Jan 27, 2013
92
1
Midwest
Status
Pre-Medical
Hello,

I will be applying to medical school in June, and currently looking for a gap year job that pays a living wage. I'm looking in Boston, Philadelphia, NYC, and surrounding areas. I realize these are expensive cities, but I do have some money saved that could cover living expenses at least for a few months. I'm mostly looking to get experience before medical school, but I do want to be compensated. I'm not looking to volunteer myself. Does anyone have tips on applying to Research Assistant jobs in these cities? I've been looking at the hospital job search engines, and there seem to be a number of positions posted every week. How hard is it to get interviewed and what is the competition like? I've seen postings on SDN by people saying that RA jobs can be very hard to come by. I don't have extensive research experience, but have assisted on two different research projects for several months each. These didn't involve benchwork though. I'm currently working in a clinic, but there's no research involved. Thank you in advance for any helpful responses.
 

OwlPower22

Owllpathic
5+ Year Member
7+ Year Member
Feb 16, 2012
314
0
the zoo
Status
Pre-Medical
Hello,

I will be applying to medical school in June, and currently looking for a gap year job that pays a living wage. I'm looking in Boston, Philadelphia, NYC, and surrounding areas. I realize these are expensive cities, but I do have some money saved that could cover living expenses at least for a few months. I'm mostly looking to get experience before medical school, but I do want to be compensated. I'm not looking to volunteer myself. Does anyone have tips on applying to Research Assistant jobs in these cities? I've been looking at the hospital job search engines, and there seem to be a number of positions posted every week. How hard is it to get interviewed and what is the competition like? I've seen postings on SDN by people saying that RA jobs can be very hard to come by. I don't have extensive research experience, but have assisted on two different research projects for several months each. These didn't involve benchwork though. I'm currently working in a clinic, but there's no research involved. Thank you in advance for any helpful responses.

Paid RA positions are indeed difficult to come by. I will give some advice for NYC hospitals, but I assume Boston and Philly have similar situations. You will end up applying to at least 6 or more positions at each hospital, depending on how large the hospital is, and you will end up with either 1 or no responses. During the first year of my gap year, I've applied to way more positions than I can count, and ended up with maybe three interviews total. On average, the full-time jobs pay about $15/hr or less, which is incredibly difficult to live on in an expensive city like NYC. The RA's I worked with all tutored on the side to make extra money for rent and food. I suggest you apply to positions at the major teaching hospitals (in NYC, these are Columbia-NY Presbyterian, NYU, and Mount Sinai), because positions are abundant. Sure, they don't pay well, but the experience you gain is invaluable.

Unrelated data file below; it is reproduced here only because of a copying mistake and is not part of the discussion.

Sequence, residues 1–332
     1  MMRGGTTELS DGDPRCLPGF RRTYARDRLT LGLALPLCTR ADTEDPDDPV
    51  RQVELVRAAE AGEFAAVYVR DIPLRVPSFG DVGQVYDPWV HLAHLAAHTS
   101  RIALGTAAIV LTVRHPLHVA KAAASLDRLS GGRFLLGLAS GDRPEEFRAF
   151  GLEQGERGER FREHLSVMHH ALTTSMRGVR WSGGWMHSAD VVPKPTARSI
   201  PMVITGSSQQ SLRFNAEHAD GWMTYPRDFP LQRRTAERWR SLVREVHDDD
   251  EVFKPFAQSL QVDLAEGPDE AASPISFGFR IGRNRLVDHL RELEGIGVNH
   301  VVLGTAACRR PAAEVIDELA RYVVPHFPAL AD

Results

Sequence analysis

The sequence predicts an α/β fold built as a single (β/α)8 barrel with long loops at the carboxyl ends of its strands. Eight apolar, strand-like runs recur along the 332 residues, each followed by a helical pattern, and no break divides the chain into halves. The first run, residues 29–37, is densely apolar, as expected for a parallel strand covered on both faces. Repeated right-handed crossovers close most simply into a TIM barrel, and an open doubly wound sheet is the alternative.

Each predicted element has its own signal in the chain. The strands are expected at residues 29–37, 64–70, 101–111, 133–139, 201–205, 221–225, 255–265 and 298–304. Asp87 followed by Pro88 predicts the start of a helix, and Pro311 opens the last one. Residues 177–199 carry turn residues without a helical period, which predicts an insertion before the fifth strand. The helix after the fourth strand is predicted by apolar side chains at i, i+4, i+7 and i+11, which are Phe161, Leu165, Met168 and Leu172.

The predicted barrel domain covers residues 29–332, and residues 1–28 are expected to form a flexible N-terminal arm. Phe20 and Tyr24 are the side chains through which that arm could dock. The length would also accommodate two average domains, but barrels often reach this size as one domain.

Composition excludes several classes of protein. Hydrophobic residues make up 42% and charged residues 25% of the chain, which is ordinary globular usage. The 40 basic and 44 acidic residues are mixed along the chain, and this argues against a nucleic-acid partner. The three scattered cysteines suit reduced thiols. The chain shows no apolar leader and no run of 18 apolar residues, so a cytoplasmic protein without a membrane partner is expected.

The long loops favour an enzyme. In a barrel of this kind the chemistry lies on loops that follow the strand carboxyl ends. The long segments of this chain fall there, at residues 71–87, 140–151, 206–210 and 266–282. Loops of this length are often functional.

sinombre

carboloading
7+ Year Member
May 20, 2012
9,502
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I think this is probably school-dependent, but all of the research jobs at the school I work at will get anywhere from 40 to 60+ resumes for a single position over the course of a couple weeks. I'm guessing it's pretty similar for research jobs at most medical schools. They are definitely super competitive, but at least getting interviews shouldn't be terribly difficult with a decent resume/cover letter. It's selling yourself better than all of the other interviewees that's the tricky part (since you're all competing for a single position). If anything it'll be good practice for medical school interviews though. Good luck!
 

OwlPower22

Owllpathic
5+ Year Member
7+ Year Member
Feb 16, 2012
314
0
the zoo
Status
Pre-Medical
I think this is probably school-dependent, but all of the research jobs at the school I work at will get anywhere from 40 to 60+ resumes for a single position over the course of a couple weeks. I'm guessing it's pretty similar for research jobs at most medical schools. They are definitely super competitive, but at least getting interviews shouldn't be terribly difficult with a decent resume/cover letter. It's selling yourself better than all of the other interviewees that's the tricky part (since you're all competing for a single position). If anything it'll be good practice for medical school interviews though. Good luck!
The RA position I'm doing right now had 200 applicants in three days. That being said, it's at a major medical cemter, so go figure. O_O